Tantrums are a normal part of toddlerhood. They are your toddler’s way of expressing big emotions that they don’t know how to handle yet. However, some tantrums may be a sign of an underlying issue that needs to be addressed. Here is some guidance on when you should be concerned about your toddler’s tantrums.
Most toddlers will throw tantrums occasionally – a few times per week is common. However, if your toddler is having frequent, daily meltdowns, this could indicate an issue. Frequent tantrums can be exhausting and stressful for both you and your child.
Look at the frequency of tantrums. If they are happening multiple times per day, nearly every day, consult your pediatrician. Frequent tantrums may be a sign of an underlying condition such as:
- Sensory processing disorder
- Autism spectrum disorder
- Frustration related to a developmental delay
Your doctor can help determine if there is a medical cause and recommend treatment options.
Typical toddler tantrums are short – usually less than 5 minutes from start to finish. However, prolonged tantrums may be problematic.
Pay attention to how long your child’s meltdowns last. Tantrums over 10-15 minutes or tantrums that seem endless are excessive for a toddler. Exceedingly long tantrums can be related to:
- Difficulty with self-regulation
- Speech and language delays – inability to communicate needs
- Rigidity/difficulty with transitions
If your toddler regularly has tantrums that go on and on, discuss it with your child’s doctor. They can evaluate whether behavioral therapy, speech therapy or other interventions may help.
Most toddler tantrums are triggered by routine events like getting dressed, mealtimes, bedtime, transitions or not getting what they want. But if you notice your child has meltdowns in response to strange triggers, it could signal a medical or psychological issue.
Take note of what seems to set your toddler off. Unusual triggers may include:
- Normal noises or lights
- Being touched unexpectedly
- New environments/people
Sensory sensitivities, anxiety about unfamiliar situations, or conditions like autism can lead to atypical tantrum triggers. Let your pediatrician know if your child has extreme reactions to normal sensory input or new experiences.
Inability to Recover
After a tantrum, most toddlers are able to move on and resume normal activity. But in some cases, kids have difficulty recovering emotionally and getting back to a stable state.
Pay attention to how your child acts after a tantrum. If they have trouble calming down, seem stuck in sadness/anger, or zone out, it could signal an underlying problem. Inability to self-regulate may be related to:
- Depression or trauma
- Anxiety disorder
Make an appointment with your pediatrician if intense emotions linger long after meltdowns. Lingering distress can disrupt your child’s functioning and interfere with learning.
Most toddler tantrums involve behaviors like screaming, crying, stomping feet or throwing objects. But consistently aggressive behavior is problematic.
Take note if your child often exhibits aggression during meltdowns, like:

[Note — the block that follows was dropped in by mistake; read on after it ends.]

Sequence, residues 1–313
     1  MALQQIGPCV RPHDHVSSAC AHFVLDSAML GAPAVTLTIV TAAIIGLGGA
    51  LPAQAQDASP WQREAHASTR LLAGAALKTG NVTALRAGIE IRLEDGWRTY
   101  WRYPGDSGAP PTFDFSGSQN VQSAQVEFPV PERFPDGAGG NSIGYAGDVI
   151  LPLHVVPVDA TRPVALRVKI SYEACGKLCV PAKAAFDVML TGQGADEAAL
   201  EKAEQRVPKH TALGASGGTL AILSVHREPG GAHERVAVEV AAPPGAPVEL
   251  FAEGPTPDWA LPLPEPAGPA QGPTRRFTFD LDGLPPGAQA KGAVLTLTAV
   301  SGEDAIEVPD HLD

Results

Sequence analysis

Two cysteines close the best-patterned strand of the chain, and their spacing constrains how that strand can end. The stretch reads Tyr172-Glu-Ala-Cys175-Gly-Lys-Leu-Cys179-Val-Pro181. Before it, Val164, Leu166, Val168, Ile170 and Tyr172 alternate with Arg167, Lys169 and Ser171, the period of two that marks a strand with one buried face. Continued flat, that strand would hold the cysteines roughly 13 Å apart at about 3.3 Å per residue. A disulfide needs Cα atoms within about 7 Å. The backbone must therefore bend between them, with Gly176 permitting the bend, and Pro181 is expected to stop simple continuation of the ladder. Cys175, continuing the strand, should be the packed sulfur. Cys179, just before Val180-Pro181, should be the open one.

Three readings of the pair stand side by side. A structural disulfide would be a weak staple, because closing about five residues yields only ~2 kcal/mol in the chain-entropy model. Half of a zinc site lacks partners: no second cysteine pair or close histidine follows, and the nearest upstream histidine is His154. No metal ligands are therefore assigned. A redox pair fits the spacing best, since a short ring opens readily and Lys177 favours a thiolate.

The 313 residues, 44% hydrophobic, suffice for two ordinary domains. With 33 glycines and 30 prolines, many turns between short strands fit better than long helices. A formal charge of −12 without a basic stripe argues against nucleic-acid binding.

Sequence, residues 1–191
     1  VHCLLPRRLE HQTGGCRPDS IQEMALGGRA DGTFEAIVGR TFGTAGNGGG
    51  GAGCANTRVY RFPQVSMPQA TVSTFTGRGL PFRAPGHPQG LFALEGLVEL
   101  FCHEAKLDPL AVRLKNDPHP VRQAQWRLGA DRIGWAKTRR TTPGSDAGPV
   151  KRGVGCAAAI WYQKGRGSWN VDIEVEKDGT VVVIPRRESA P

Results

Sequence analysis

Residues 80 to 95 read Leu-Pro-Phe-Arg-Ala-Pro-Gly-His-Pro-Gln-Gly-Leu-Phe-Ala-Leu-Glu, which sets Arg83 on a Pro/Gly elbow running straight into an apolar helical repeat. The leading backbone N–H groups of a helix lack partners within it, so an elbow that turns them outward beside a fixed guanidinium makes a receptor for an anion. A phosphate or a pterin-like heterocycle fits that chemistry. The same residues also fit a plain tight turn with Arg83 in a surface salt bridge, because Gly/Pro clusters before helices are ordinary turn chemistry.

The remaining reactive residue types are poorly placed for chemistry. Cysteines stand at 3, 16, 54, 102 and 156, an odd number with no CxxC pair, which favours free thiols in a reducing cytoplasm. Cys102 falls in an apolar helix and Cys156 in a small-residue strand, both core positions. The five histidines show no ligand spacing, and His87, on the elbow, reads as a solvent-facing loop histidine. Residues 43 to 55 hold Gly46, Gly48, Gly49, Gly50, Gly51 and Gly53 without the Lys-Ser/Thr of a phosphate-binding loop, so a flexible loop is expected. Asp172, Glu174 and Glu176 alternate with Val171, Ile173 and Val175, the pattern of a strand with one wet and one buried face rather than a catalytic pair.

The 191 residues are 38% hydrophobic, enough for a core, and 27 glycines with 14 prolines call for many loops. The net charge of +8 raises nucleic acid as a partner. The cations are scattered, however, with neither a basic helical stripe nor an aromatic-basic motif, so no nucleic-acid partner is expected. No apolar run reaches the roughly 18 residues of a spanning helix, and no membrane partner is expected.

- Hitting you or siblings
- Throwing toys directly at people
- Destroying property
If tantrums involve harm toward you, other people or pets, seek help. Consistent aggression can indicate conditions like oppositional defiant disorder. It’s important to curb aggressive behavior before it becomes ingrained.
You should be able to eventually calm your toddler with validation and reassurance. But if your child is extremely inconsolable no matter what you try, it could point to an underlying issue.
Attempt to comfort your child during and after meltdowns. Make note if your toddler:
- Can’t be distracted or redirected
- Doesn’t respond to soothing touch/words
- Continues sobbing uncontrollably
- Requires your constant, undivided attention
Inability to be consoled may be linked to separation anxiety, sensory processing issues or developmental disorders. Discuss it with your child’s doctor.
Persistence Despite Consequences
Most toddlers learn to curb tantrum behavior if it results in consistent consequences. But some have persistent meltdowns even when they know it means loss of privileges.
Pay attention to whether your child throws tantrums even when they know it means:
- Removal from the situation
- Loss of a preferred toy or activity
- Time out
- Missing out on something desired
If consequences don’t diminish meltdowns, it could indicate attention issues, oppositional behavior, or speech/developmental lags. Consult your pediatrician or a child psychologist.
When in Doubt, Call Your Pediatrician
As a general rule of thumb, discuss any tantrum behaviors with your pediatrician that happen consistently and cause dysfunction in your child or family. While tantrums are expected at this age, excessive behavior can signal underlying issues.
Don’t hesitate to call your doctor if you have concerns. Early intervention is key for addressing developmental delays, psychological conditions and sensory processing differences. Your pediatrician can put you on the right track to help your toddler regulate big emotions. With professional guidance, your child can learn constructive ways to express needs.